Healthcare advocacy organizations in a legislative hearing on Tuesday railed against proposed language amending state Medicaid law that will end 12-month continuous eligibility for Medicaid expansion members, warning that the policy change could result in vulnerable Montanans losing their healthcare due to added regulation.
The language, part of an amendment to an existing application the state had already submitted to waive certain Medicaid requirements under the U.S. Social Security Act, comes at the direction of House Bill 2, the main state budget legislation, which Republican lawmakers modified late in the last session to cut funding for continuous eligibility.
With the legislature out of session, the state Department of Health and Human Services is required to present its waiver application to the Children and Families Interim Committee, which heard public comment on the proposal Tuesday.
In essence, continuous eligibility allows people on Medicaid expansion to retain access to care year-round, even if their income level or other life circumstances change. Already, Medicaid members are expected to report these changes — but under continuous eligibility, which is only on the books in Montana and New York, the state doesn’t have to act on them.
Rather, they stay on their coverage through the end of the year even if, perhaps, they no longer meet the income threshold. Under the amendment, the Department of Public Health and Human Services would review these changes, request information from the member in question and then make a decision as to their eligibility.
Rehashing arguments against a slate of failed legislative proposals with similar aims from the last session, advocates said Tuesday that regardless of the state’s intentions, the new language could result in gaps of Medicaid coverage — especially for those with serious mental illnesses — due to the increased scrutiny and paperwork requirements.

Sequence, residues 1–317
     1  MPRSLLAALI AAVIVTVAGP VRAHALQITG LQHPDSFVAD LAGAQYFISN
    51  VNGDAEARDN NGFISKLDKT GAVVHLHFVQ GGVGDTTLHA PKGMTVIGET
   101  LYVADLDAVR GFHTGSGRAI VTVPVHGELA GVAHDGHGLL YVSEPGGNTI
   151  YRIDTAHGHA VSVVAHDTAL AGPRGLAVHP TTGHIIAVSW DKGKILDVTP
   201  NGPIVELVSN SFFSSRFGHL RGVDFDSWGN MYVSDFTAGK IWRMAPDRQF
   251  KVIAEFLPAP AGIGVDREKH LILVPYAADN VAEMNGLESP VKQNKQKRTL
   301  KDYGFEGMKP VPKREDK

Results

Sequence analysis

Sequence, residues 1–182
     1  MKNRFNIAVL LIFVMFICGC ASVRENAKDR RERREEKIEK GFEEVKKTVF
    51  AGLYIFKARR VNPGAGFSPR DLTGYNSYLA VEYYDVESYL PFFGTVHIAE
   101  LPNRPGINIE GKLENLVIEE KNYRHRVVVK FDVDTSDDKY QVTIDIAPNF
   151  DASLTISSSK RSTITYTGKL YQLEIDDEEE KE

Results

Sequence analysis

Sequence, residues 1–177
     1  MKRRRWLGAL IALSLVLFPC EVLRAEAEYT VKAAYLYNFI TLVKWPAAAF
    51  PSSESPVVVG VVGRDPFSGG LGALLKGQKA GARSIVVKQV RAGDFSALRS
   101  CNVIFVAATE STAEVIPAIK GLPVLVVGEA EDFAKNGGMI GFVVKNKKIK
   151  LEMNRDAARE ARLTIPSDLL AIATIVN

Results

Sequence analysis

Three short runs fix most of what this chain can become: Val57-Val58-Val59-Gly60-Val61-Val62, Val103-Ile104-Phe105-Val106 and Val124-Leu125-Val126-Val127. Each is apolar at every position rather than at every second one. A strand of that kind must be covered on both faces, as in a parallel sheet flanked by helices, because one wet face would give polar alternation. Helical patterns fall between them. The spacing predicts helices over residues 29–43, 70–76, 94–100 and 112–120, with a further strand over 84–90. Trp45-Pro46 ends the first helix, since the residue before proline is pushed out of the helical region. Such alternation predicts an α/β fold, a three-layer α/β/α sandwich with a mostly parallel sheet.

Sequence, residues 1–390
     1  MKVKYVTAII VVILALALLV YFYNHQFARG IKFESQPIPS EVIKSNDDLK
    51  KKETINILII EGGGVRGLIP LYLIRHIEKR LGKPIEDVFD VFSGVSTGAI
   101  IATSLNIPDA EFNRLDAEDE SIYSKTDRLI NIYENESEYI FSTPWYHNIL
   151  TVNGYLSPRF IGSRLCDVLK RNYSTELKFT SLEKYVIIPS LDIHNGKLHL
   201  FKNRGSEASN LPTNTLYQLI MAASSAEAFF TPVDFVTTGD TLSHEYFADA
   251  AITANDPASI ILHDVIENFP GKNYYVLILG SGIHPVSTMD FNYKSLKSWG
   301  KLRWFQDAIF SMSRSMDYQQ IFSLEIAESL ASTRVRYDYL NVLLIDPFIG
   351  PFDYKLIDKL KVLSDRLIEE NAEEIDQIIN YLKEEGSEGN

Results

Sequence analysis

They also raised issue with the fact that DPHHS told lawmakers on the interim committee that the department was submitting these proposals at the behest of the Legislature.
“We do not need another layer of red tape that puts another barrier to continued access to care for folks needing the services provided through these waivers,” testified Kristin Page-Nei, a lobbyist for the American Cancer Society Cancer Action Network, who spoke to the committee based on her experiences caring for an older brother that has struggled with serious mental illness and addiction. “I am basing my concerns about the elimination from my observations and trying to work with the system.”
Republican lawmakers made several attempts during the session to end continuous eligibility, namely through SB100, which was marketed as an effort to crack down on welfare fraud and would have increased the frequency of eligibility checks to six months.
Those proposals were defeated, but the general concept lived on in narrative language added by legislative Republicans to the budget directing the department to end the policy of 12-month continuous eligibility. The change, they argued, would save the state money while ensuring that only those who are eligible receive Medicaid coverage.
But Page-Nei told the committee Tuesday these objectives are based on faulty assumptions. Her brother receives coverage for behavioral health treatment thanks to a Medicaid waiver intended for people with severe and disabling mental illness. Last year, she took charge of her brother’s welfare.
“There’s an assumption that recipients aren’t already in crisis,” she said. “When they’re in crisis, they’re not paying attention to their mail. They’re just trying to survive.”
And there’s another assumption that there will be enough case managers to help Medicaid recipients “defend from being bumped off a waiver,” she said. Her brother regularly rotated through case managers, she said, and sometimes, he didn’t have one at all. Plus, if a person gets kicked off Medicaid, they lose access to wraparound services that might help them avoid costly stays in the ER, she said.